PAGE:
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Henrich, Rüdiger (1989): Sedimentology of ODP Leg 104 holes. PANGAEA, https://doi.org/10.1594/PANGAEA.736351, Supplement to: Henrich, R (1989): Glacial/interglacial cycles in the Norwegian Sea: sedimentology, paleoceanography, and evolution of late Pliocene to Quaternary northern hemisphere climate. In: Eldholm, O; Thiede, J; Taylor, E; et al. (eds.), Proceedings of the Ocean Drilling Program, Scientific Results, College Station, TX (Ocean Drilling Program), 104, 189-232, https://doi.org/10.2973/odp.proc.sr.104.116.1989

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Abstract:
The long-term record of glacial/interglacial cycles indicates three major paleoceanographic regimes in the Norwegian Sea. The period since the first major glaciation over Scandinavia at 2.56 Ma is characterized by high-frequency, low-amplitude oscillations of ice-rafted debris inputs, a lowered salinity, and decreased carbonate shell production in surface waters as well as overall strong carbonate dissolution at the sea floor. These conditions indicate a more zonal circulation pattern in the Northern Hemisphere and a relative isolation of surface and bottom waters in the Norwegian Sea. The generally temperate glacial climate was only interrupted by episodic weak intrusions of warm Atlantic waters. These intrusions have been detected in considerable magnitude only at Site 644, and thus are restricted to areas much closer to the Norwegian shelf than during earlier periods. The interval from 1.2 to 0.6 Ma is characterized by an increase in carbonate shell production and a better preservation, as well as a change in frequency patterns of ice-rafted debris inputs. This pattern reflects increasing meridionality in circulation-strengthening contrasts in the Norwegian Sea between strong glaciations and warm interglacials. The past 0.6 Ma reveal high-amplitude oscillations in carbonate records that are dominated by the 100-k.y. frequency pattern. Glacial/interglacial sedimentary cycles in the ODP Leg 104 drill sites reveal a variety of specific dark lithofacies. These dark diamictons reflect intense iceberg rafting in surface waters fed by surges along the front of marine-based parts of the continental ice sheets in the southeastern sector of the Norwegian Sea and are associated with resuspension of reworked fossil organic carbon and strong dissolution at the sea floor. Piling up of huge iceberg barriers along the Iceland-Faeroe-Scotland Ridge might have partially blocked off surface water connections with the North Atlantic during these periods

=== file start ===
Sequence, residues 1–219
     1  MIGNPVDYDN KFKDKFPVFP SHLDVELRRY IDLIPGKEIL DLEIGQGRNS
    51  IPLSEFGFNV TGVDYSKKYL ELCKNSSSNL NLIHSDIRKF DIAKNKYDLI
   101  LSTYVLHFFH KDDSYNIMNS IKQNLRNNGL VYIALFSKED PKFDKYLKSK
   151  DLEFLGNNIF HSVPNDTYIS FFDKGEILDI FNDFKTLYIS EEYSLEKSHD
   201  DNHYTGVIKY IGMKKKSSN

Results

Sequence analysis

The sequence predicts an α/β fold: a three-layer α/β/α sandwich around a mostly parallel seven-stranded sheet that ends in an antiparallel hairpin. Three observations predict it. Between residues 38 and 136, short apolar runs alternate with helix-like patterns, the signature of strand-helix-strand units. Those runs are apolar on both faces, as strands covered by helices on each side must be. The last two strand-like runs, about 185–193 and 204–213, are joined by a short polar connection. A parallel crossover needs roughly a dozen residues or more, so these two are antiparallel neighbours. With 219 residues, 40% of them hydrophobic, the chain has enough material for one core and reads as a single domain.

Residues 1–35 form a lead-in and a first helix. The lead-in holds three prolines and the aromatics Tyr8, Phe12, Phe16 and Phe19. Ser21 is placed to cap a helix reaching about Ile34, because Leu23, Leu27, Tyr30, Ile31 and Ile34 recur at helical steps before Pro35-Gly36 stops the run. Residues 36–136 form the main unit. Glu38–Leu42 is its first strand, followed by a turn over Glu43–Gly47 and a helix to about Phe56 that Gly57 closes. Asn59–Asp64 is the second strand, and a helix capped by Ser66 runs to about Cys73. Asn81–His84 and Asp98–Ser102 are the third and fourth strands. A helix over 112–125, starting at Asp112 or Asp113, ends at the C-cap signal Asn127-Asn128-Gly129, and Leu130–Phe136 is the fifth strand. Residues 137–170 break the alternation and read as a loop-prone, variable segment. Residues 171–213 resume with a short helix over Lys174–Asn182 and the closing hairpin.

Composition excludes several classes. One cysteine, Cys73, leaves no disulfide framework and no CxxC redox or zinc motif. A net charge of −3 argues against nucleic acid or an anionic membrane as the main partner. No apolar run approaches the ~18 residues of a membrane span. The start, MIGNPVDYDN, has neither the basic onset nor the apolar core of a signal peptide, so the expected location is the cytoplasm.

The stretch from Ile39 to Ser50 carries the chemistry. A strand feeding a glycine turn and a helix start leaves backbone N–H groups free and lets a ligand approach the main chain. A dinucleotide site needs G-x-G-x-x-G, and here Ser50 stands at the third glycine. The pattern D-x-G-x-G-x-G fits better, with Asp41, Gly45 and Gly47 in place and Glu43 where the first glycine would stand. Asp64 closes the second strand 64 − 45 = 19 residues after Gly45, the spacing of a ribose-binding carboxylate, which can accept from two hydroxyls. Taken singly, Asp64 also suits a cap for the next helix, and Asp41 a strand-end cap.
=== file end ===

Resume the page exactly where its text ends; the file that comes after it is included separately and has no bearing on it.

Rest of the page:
Project(s):
Coverage:
Median Latitude: 67.420000 * Median Longitude: 2.170640 * South-bound Latitude: 67.220000 * West-bound Longitude: 1.033300 * North-bound Latitude: 67.715000 * East-bound Longitude: 2.930000
Date/Time Start: 1985-06-28T14:40:00 * Date/Time End: 1985-08-08T01:45:00
Event(s):
104-642B * Latitude: 67.225000 * Longitude: 2.928300 * Date/Time Start: 1985-06-28T14:40:00 * Date/Time End: 1985-06-29T20:15:00 * Elevation: -1294.0 m * Penetration: 221.1 m * Recovery: 214.61 m * Location: Norwegian Sea * Campaign: Leg104 * Basis: Joides Resolution * Method/Device: Drilling/drill rig (DRILL) * Comment: 25 cores; 221.1 m cored; 0 m drilled; 97.1 % recovery
104-642C * Latitude: 67.220000 * Longitude: 2.930000 * Date/Time Start: 1985-06-29T20:15:00 * Date/Time End: 1985-07-01T15:00:00 * Elevation: -1292.0 m * Penetration: 199.6 m * Recovery: 194.93 m * Location: Norwegian Sea * Campaign: Leg104 * Basis: Joides Resolution * Method/Device: Drilling/drill rig (DRILL) * Comment: 24 cores; 199.6 m cored; 0 m drilled; 97.7 % recovery
104-643A * Latitude: 67.715000 * Longitude: 1.033300 * Date/Time Start: 1985-08-03T06:07:00 * Date/Time End: 1985-08-08T01:45:00 * Elevation: -2780.0 m * Penetration: 565.2 m * Recovery: 458.29 m * Location: Norwegian Sea * Campaign: Leg104 * Basis: Joides Resolution * Method/Device: Drilling/drill rig (DRILL) * Comment: 62 cores; 565.2 m cored; 0 m drilled; 81.1 % recovery
Size:
10 datasets

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